19 an offensive in the village, and according to you, information coming to
20 you, VJ tanks and Pragas were sighted on the hills around the village.
21 A. Yes. This was an operation that started in the morning of the
22 15th and involved firing not only into Racak but into several other
23 villages in the area and consisted at first of tanks and Pragas, which are
24 anti-aircraft artillery which was used in -- heavy anti-aircraft cannon
25 which were used in a ground role and were very rapid firing, being used to
1 fire at Racak and other villages in the area, and it appeared to those who
2 were around and who heard it described that the VJ were firing from the
3 hills, and the police, the MUP, were then going in on foot on the ground.
4 And you can only do this if -- if the people who are going forward are
5 confident that the people who are doing the covering fire are fully aware
6 of your actions on the ground. It does require a very high degree of
8 Q. Depending on how time goes, I may ask you to look in due course at
9 a large special map that has been prepared. It may not be a map as much
10 of a photograph, I think, but for the time being, can we look, to deal
11 with things swiftly, at Exhibit 22. Really it's the top left-hand bit of
12 it we need trouble ourselves with, having seen its comparative position in
13 relation to Urosevac. And we can see --
14 A. That's Urosevac. That is Stimlje. You can see the two roads
15 joining at Stimlje and then the road going west into the Dulje Heights and
16 on to Suva Reka. The village of Racak is here to the south-west, and the
17 offensive was taking place with the VJ tanks and Pragas firing at this
18 string of villages along the west -- the eastern edge of the high ground
19 that goes away to the west.
20 So the VJ were -- positions were broadly parallel to the main road
21 to the north, and the villages were in a line really north-west to
22 south-east along the edge of the high ground.
23 Q. Well, we -- as I say, we may be able to help the Chamber even
24 today with larger scale maps, but we must press on.
25 Having got that general account, reported back to you by
1 Maisonneuve - paragraph 175 - that on his arrival at Racak, he noticed
3 A. Yes. Maisonneuve drove straight to Racak, which took him, I
4 suppose, just over an hour from -- from leaving me, and when he got there
5 at the end of the afternoon, he saw that the VJ were withdrawing from the
6 area. So he went into the village, and there he was advised by the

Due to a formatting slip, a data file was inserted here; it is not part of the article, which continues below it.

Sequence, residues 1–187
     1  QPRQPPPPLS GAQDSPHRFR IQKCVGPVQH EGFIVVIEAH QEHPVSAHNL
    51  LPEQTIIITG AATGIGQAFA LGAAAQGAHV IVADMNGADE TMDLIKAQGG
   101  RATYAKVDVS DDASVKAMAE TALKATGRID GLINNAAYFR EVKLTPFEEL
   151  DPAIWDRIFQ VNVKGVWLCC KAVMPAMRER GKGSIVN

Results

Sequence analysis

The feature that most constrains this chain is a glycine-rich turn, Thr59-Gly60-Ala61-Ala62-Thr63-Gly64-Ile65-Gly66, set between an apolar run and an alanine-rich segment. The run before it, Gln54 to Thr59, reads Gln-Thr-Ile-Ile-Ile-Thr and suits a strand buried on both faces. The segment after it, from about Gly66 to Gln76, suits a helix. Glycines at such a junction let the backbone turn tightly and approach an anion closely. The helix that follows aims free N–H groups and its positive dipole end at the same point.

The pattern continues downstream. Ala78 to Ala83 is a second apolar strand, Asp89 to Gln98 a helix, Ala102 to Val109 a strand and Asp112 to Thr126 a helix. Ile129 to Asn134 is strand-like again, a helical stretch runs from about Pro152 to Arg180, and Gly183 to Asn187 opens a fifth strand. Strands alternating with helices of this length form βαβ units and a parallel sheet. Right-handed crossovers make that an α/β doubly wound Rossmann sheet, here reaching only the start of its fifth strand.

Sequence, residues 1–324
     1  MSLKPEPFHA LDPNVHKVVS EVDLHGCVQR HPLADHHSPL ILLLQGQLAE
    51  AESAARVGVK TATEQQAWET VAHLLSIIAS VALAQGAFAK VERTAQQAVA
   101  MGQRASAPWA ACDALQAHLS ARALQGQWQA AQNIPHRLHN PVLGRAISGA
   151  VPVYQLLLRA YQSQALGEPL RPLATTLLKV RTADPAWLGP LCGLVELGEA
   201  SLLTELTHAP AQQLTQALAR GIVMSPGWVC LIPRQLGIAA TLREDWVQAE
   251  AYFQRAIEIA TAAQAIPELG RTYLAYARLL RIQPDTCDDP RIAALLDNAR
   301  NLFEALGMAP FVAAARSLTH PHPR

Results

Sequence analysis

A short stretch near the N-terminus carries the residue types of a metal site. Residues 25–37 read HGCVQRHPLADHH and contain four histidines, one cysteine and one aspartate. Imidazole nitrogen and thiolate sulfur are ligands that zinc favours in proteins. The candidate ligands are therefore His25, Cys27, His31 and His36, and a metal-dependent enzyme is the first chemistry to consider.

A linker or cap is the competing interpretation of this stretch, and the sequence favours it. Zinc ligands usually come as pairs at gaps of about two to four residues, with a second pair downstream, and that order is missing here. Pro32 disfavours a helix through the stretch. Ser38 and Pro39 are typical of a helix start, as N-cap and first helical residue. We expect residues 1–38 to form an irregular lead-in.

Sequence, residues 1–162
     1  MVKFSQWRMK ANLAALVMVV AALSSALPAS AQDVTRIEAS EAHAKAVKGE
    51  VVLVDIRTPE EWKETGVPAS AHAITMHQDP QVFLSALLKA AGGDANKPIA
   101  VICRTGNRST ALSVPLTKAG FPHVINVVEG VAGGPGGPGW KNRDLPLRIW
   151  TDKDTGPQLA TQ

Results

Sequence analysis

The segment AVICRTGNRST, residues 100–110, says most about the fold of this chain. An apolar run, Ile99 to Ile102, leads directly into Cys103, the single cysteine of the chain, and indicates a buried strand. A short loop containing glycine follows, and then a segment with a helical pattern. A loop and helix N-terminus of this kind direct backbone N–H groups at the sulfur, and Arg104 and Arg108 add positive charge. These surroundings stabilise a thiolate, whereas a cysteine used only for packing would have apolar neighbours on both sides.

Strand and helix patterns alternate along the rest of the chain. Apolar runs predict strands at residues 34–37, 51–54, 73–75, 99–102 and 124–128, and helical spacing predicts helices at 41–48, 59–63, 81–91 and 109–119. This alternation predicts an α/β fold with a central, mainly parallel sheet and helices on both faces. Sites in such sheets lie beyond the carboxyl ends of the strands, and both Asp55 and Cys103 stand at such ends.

7 villagers that there had been some deaths but it was not specified how
8 many, but it wasn't said that there were a lot, that some people had been
9 arrested and there were a number of wounded people. At that point, he
10 asked what could be done to help the people and was told that it was the
11 wounded who needed looking after, and that was what he got on with as
12 night fell and the light went.
13 Q. Now, the report of people being arrested, which was in due course
14 to be -- shown to be in complete account of what happened, was that an
15 unusual event?
16 A. It was not unusual at the time. We on various occasions heard of
17 people being arrested, detained, questioned, and then they would turn up
18 later, having been interrogated to quite a degree in -- in security
19 forces' custody, considerably bruised but certainly alive. So the
20 problem, as he saw it, as he arrived on the Friday evening, was one of
21 wounded people rather than anything else.
22 Q. This we -- or part of this we find reflected, I think, in the next
23 exhibit, which we can look at briefly, tab 23, the OSCE's report of the
24 15th of January. It deals with the arrested men, I think, or the alleged
25 arrested men.
1 A. Yes. Sorry, I'm -- yes. There we are. Right. I've --
2 Q. On page 2, I think.
3 A. On page 2, about halfway down, in the middle of the small
4 paragraph, it says that there were five injured, that a female and a young
5 boy were transferred to Stimlje hospital. The KLA spokesman was asked
6 what the OSCE could help to do most and his firm assurance was that they
7 needed -- they needed to know that they could bring in the women and
8 children from the hills, where they had taken refuge, without further VJ
9 attacks that night, and then later that three other wounded civilians were
11 If you go back to the front page of this document, you can see the
12 head of RC Prizren comment, that is comment of Maisonneuve, that, "The
13 incident in Stimlje detailed below is a clear breach of the agreement as
14 per our assessment." And that was a very strong statement to come from a
15 Regional Centre head, because I've already mentioned that words of
16 "compliance" and "non-compliance" were reserved very much for the Head of
18 Q. The same document happens to record the total number of KVM at the
19 time. I think it's probably on the last page, is it?
20 A. Yes. It's also of note that one of the patrols on the ground took
21 a statement from a villager who gave him a list of 21 men who had been
22 detained by the MUP and taken to Urosevac gaol.
23 Would you like me to find that?
24 Q. Yes, please. Well, not necessarily. It's a repeat, isn't it in?
25 A. Yes, it is.
1 Q. Then don't bother.
2 A. Right.
3 Q. It can be found, if necessary. But just as a matter of interest,
4 against the 2.000 mandated KVM manpower force, by this time I think we can
5 work out it's about 854 is the number you derive as being there at the
7 A. Sorry, can I see that again?
8 Q. On the last page.
9 A. There was always two figures. Yes. One was -- no, it's the one
10 before. That's personnel status. No. That's -- no, that's Regional
11 Centre Prizren. That's Regional Centre Prizren personnel, which is 285,